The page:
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Consider the following C++ member function:

 size_t size() const
 {
    boost::lock_guard<boost::mutex> lock(m_mutex);
    return m_size;
 }

The intent here is not to synchronize access to the private member variable m_size, but just to make sure that the caller receives a valid value for m_size. The goal is to prevent the function from returning m_size at the same time that some other thread is modifying m_size.

But is there any potential race-condition involved in calling this function? I'm not sure if the RAII style lock here is adequate to protect against a race condition. Suppose the lock's destructor is called before the return value of the function is pushed onto the stack?

Would I need to do something like the following to guarantee thread-safety?

 size_t size() const
 {
    size_t ret;

    {
      boost::lock_guard<boost::mutex> lock(m_mutex);
      ret = m_size;
    }

    return ret;
 }
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I don't think your lock really does anything. So long as m_size can be read in its entirety in a single atomic operation, you'll get a valid value. –  Mike DeSimone Jul 8 '10 at 1:29
    
This is not guaranteed actually. However using the std::atomic coming with C++0x would ensure this without locking. –  Matthieu M. Jul 8 '10 at 6:38
    
@Mike: Locks also are a memory barrier. Such is needed to synchronize processor caches etc. –  sbi Jul 8 '10 at 9:08

3 Answers 3

up vote 10 down vote accepted

Both of your example constructs will do what you're looking for. The following information from the standard supports the behavior you're looking for (even in your 1st example):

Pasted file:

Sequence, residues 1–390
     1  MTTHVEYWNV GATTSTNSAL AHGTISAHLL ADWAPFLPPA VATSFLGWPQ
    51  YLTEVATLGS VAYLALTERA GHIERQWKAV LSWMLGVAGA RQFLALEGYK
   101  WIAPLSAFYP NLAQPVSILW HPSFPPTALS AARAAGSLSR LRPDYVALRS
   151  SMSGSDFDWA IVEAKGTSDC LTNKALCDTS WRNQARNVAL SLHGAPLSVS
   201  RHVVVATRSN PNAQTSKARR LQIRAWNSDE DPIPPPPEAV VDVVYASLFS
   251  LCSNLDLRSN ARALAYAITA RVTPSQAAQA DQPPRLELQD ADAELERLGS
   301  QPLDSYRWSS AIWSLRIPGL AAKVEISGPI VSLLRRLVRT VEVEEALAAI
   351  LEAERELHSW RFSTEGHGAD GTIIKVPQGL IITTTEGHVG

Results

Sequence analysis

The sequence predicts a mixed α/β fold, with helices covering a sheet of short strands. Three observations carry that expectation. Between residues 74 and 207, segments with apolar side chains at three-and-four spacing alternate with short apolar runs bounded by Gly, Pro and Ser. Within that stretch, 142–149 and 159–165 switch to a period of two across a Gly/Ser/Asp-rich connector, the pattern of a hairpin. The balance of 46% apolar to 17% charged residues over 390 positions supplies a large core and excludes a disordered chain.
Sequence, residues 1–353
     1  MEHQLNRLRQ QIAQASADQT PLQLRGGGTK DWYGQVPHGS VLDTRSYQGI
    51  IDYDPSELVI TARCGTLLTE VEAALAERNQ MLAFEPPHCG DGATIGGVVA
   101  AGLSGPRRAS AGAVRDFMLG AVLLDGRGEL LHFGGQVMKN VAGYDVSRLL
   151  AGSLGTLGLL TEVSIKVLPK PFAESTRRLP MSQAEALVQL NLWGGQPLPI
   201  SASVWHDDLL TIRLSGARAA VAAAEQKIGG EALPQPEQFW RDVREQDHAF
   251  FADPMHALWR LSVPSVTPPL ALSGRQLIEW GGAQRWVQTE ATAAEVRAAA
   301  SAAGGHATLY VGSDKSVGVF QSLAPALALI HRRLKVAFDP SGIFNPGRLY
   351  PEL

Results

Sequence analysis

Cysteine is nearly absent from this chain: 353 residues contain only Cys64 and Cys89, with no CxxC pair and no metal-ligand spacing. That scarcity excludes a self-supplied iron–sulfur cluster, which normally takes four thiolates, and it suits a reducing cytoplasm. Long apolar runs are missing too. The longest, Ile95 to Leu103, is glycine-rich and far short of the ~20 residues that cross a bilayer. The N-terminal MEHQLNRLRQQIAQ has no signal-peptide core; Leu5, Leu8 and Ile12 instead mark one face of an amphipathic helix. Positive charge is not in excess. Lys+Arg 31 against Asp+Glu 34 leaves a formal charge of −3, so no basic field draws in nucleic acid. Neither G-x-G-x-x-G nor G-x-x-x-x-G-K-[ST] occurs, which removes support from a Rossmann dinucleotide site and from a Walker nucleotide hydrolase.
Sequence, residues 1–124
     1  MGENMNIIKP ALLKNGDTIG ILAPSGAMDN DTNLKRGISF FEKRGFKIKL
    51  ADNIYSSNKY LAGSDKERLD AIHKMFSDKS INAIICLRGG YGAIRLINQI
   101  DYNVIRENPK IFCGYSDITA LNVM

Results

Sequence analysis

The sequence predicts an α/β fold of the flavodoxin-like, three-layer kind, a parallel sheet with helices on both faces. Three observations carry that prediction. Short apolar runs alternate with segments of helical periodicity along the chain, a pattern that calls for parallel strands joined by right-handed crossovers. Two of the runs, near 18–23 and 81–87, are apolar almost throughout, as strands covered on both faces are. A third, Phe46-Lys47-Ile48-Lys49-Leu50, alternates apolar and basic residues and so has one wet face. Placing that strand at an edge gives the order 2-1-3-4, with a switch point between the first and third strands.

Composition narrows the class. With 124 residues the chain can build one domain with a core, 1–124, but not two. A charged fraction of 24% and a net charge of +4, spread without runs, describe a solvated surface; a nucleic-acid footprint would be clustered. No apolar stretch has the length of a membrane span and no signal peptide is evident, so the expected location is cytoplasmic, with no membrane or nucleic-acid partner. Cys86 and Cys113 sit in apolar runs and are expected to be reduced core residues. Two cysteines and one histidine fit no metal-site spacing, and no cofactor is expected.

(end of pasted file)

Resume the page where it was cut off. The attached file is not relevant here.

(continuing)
12.4/10 Destructors:

Destructors are invoked implicitly ... for a constructed object with automatic storage duration (3.7.2) when the block in which the object is created exits.

And, 6.6/2 Jump statements (of which return is one):

On exit from a scope (however accomplished), destructors (12.4) are called for all constructed objects with automatic storage duration (3.7.2) (named objects or temporaries) that are declared in that scope, in the reverse order of their declaration. Transfer out of a loop, out of a block, or back past an initialized variable with automatic storage duration involves the destruction of variables with automatic storage duration that are in scope at the point transferred from but not at the point transferred to.

So at the point of the return the lock variable is in scope and therefore the dtor has not been called. Once the return has been executed, the dtor for the lock variable is called (thus releasing the lock).

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Your first variant is safe, however you can't rely on this returned value to be consistent for any period of time. I mean for example don't use that returned value in a for loop to iterate over each element, because the real size could change right after the return.

Basically you can think of it like this: a copy is needed of the return value, otherwise the destructor would be called hence possibly corrupting whatever the return value was before it was returned.

The destructor is called after the return statement. Take this equivalent example:

#include <assert.h>

class A
{
public:
    ~A()
    {
        x = 10;
    }
    int x;
};

int test()
{
    A a;
    a.x = 5;
    return a.x;
}

int main(int argc, char* argv[])
{
    int x = test();
    assert(x == 5);
    return 0;
}
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After thinking about it, I see that this is the only way the behaviour could work. Every return expr; implicitly copies the value of expr into a temporary, and any object in scope can be referred to in expr so they must still be live at the point when the copy is made. (Optimisations could remove the copy of course, but the behaviour must still be "as if" it was there.) –  j_random_hacker Jul 8 '10 at 1:28

Your initial code is fine - the destructor will be called after the return value has been stored. This is the very principle RAII operates on!

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3  
Do you have any sources for that? –  Georg Fritzsche Jul 8 '10 at 1:12

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